Object And Scene Vision: Population Coding, Algorithms, Deep Networks, Prosthetics
- Deciphering neural population codes for structure, material, physics, utility
- Tracing neural algorithms for transforming images into visual information
- Using biological principles to advance deep network computer vision
- Using coding principles to design prosthetic interfaces
Vision is your superpower. At a glance, you can tell where you are, what is around you, what just happened, and what is about to happen. You effortlessly perceive the precise 3D structure of things in your environment, at distances ranging from millimeters to miles. You know what things are called, how valuable they are, how old or new, fresh or rotten, strong or weak. You intuit their material, mechanical, and energetic properties, allowing you to anticipate and alter physical events. You effectively read the minds of other humans and animals based on tiny variations in facial configuration and body pose. A picture is worth many times a thousand words to you.
All this information seems to exist outside you, immediately and effortlessly available. Understanding what you see seems trivial—you only have to look at it! We are so good at vision that we tend not to recognize it as an ability or a process of any kind. But in fact it is one of the most difficult things the brain does. Computer vision, even with deep networks, has not even begun to approach the kind of visual understanding that comes so easily to us. Computers can beat us at math, chess, go, and jeopardy, but they cannot understand the visual world the way we do.
Our visual appreciation of the world emerges from networks of billions of neurons in the ventral visual pathway of the brain. Our lab studies neural information processing in the intermediate and higher level stages of this pathway. We want to understand how the ventral pathway transforms images into knowledge about the world. Images are just 2D arrays of numerical values corresponding to pigment intensities, pixel colors, or photoreceptor activations in the eye. You could not deduce what is in an image from the numerical values themselves, but that is effectively what the brain must do with neural signals coming from the eyes. If we could decipher how the brain does this on the algorithmic level, we could use the same principles to build computer vision systems with human-like capabilities. We could develop prosthetic interfaces for blind patients that hijack the mechanisms of the ventral pathway to induce vivid visual experiences. And, we would understand the substrate for our rich, detailed, aesthetic experiences of the visual world.
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Vaziri, S., & Connor, C. E. (2016). Representation of Gravity-Aligned Scene Structure in Ventral Pathway Visual Cortex. Current Biology 26: 766-774.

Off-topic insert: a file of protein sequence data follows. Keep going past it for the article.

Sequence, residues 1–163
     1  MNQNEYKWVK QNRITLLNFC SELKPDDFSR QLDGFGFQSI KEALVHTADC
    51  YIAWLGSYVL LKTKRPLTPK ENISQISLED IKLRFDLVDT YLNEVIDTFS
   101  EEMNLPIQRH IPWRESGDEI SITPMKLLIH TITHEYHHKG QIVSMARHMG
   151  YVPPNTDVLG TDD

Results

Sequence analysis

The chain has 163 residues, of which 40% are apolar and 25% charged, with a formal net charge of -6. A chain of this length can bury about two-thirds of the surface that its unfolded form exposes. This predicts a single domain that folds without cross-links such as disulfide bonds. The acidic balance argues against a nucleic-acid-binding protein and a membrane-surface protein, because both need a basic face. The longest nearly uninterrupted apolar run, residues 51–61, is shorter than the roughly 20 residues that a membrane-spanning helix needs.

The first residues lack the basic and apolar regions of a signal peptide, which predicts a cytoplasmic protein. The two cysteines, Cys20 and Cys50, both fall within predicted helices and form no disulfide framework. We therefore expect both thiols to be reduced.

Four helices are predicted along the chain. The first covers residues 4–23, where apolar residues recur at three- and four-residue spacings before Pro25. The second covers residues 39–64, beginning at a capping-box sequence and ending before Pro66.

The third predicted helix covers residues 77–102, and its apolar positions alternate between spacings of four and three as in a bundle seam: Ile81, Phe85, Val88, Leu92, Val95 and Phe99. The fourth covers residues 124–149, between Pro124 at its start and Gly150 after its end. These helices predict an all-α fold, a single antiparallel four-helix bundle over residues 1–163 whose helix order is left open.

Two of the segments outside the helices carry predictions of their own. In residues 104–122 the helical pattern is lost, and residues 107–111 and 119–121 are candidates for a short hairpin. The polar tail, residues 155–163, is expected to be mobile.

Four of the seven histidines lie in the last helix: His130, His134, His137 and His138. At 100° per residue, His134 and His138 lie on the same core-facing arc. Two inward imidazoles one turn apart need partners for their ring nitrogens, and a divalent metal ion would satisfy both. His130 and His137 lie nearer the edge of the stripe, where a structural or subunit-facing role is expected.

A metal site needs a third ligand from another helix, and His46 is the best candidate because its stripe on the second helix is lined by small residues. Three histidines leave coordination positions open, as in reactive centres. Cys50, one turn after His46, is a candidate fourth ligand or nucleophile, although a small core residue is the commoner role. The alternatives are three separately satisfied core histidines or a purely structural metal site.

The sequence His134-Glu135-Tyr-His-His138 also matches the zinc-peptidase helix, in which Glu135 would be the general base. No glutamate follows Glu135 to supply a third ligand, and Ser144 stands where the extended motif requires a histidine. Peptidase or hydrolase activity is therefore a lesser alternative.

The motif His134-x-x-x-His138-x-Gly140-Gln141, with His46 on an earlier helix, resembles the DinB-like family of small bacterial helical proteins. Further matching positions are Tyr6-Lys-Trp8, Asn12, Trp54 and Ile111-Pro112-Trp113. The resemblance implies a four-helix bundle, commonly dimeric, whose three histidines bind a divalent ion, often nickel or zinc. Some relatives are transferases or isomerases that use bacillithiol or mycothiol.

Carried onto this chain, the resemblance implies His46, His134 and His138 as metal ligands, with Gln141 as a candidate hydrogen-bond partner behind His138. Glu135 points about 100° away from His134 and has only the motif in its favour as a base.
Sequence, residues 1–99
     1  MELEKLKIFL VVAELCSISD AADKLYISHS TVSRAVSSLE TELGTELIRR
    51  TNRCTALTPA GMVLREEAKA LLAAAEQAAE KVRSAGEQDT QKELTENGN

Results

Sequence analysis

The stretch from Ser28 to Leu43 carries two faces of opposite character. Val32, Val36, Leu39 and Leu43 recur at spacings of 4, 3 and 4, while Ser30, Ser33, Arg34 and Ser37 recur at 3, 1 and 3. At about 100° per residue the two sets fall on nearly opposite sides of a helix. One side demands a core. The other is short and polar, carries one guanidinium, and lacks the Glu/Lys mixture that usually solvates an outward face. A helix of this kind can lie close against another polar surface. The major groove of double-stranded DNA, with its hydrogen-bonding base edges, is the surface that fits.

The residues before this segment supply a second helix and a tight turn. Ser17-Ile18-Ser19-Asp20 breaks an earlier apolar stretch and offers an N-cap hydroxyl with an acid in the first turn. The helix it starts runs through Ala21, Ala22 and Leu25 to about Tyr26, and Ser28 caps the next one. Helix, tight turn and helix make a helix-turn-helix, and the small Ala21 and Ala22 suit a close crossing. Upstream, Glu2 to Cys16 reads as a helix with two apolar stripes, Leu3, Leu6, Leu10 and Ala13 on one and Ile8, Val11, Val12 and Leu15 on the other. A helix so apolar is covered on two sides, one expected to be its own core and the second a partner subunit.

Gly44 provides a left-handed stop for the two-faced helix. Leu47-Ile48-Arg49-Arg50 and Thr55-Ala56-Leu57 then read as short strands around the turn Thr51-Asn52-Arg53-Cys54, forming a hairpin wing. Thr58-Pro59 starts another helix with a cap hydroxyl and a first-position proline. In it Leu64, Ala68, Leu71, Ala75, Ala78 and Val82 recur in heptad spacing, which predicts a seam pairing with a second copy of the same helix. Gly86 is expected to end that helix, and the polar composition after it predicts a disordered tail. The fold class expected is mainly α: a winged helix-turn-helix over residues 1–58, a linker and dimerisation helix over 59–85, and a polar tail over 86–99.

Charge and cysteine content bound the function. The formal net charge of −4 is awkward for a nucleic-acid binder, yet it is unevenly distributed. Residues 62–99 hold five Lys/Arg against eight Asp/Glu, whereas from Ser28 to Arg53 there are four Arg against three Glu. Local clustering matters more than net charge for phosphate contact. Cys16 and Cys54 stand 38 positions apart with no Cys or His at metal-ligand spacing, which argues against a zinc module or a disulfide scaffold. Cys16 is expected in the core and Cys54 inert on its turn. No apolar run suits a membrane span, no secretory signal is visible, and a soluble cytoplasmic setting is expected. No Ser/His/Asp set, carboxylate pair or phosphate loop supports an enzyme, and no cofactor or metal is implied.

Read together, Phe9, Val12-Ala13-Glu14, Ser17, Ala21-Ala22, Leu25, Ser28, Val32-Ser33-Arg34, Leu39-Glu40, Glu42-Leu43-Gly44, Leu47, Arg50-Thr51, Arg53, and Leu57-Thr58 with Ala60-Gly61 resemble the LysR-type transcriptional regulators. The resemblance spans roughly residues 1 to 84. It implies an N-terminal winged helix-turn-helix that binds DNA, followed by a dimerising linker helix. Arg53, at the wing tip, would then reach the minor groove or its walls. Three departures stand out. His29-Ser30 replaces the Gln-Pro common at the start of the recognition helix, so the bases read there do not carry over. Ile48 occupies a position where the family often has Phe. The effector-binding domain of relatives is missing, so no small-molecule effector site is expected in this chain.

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Carlson, E.T., Rasquinha, R.J., Zhang, K., Connor, C.E. (2011) A sparse object coding scheme in area V4. Current Biology 21: 288–293.
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Yamane, Y., Carlson, E.T., Bowman, K.C., Wang, Z. & Connor, C.E. (2008) A neural code for three-dimensional object shape in macaque inferotemporal cortex. Nature Neuroscience 11: 1352–1360.
Vaziri, S.L., Pasupathy, A., Brincat, S.L. & Connor, C.E. (2008) Structural representation of object shape in the brain. In: Object Categorization: Computer and Human Vision Perspectives, Cambridge University Press.
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Cadieu, C., Kouh, M., Pasupathy, A., Connor, C.E., Riesenhuber, M. & Poggio, T. (2007) A model of V4 shape selectivity and invariance. Journal of Neurophysiology 98: 1733–1750.
Connor, C.E. (2007) Transformation of shape information in the ventral pathway. Current Opinion in Neurobiology 17: 140–147.
Brincat, S.L. & Connor, C.E. (2006) Dynamic shape synthesis in posterior inferotemporal cortex. Neuron 49: 17–24.
Connor, C.E. (2006) Attention: beyond neural response increases. Nature Neuroscience 9: 1083–1084.
Hinkle, D.A. & Connor, C.E. (2005) Quantitative characterization of disparity tuning in ventral pathway area V4. Journal of Neurophysiology 94: 2726–2737.
Connor, C.E. (2005) Friends and grandmothers. Nature 435: 1036–1037.
Brincat, S.L. & Connor, C.E. (2004) Underlying principles of visual shape selectivity in posterior inferotemporal cortex. Nature Neuroscience 7: 880–886.
Connor, C.E., Egeth, H.E. & Yantis, S. (2004) Visual attention: bottom-up vs. top-down. Current Biology 14: R850–R852.
Connor, C.E. (2003) Active vision and visual activation in area V4. Neuron 40: 1056–1058.
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Hinkle, D.A. & Connor, C.E. (2002) Three-dimensional orientation tuning in macaque area V4. Nature Neuroscience 5: 665–670.
Connor, C.E. (2002) Reconstructing a 3D world. Science 298: 376–377.
Connor, C.E. (2002) Representing whole objects: temporal neurons learn to play their parts. Nature Neuroscience 5: 1105–1106.
Pasupathy, A. & Connor, C.E. (2001) Shape representation in area V4: Position-specific tuning for boundary conformation. Journal of Neurophysiology 86: 2505–2519.
Hinkle, D.A. & Connor, C.E. (2001) Disparity tuning in macaque area V4. NeuroReport 12: 365–369.
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Connor, C.E. (2000) Visual perception: monkeys see things our way. Current Biology 10: R836–R838.
Pasupathy, A. & Connor, C.E. (1999) Responses to contour features in macaque area V4. Journal of Neurophysiology 82: 2490–2502.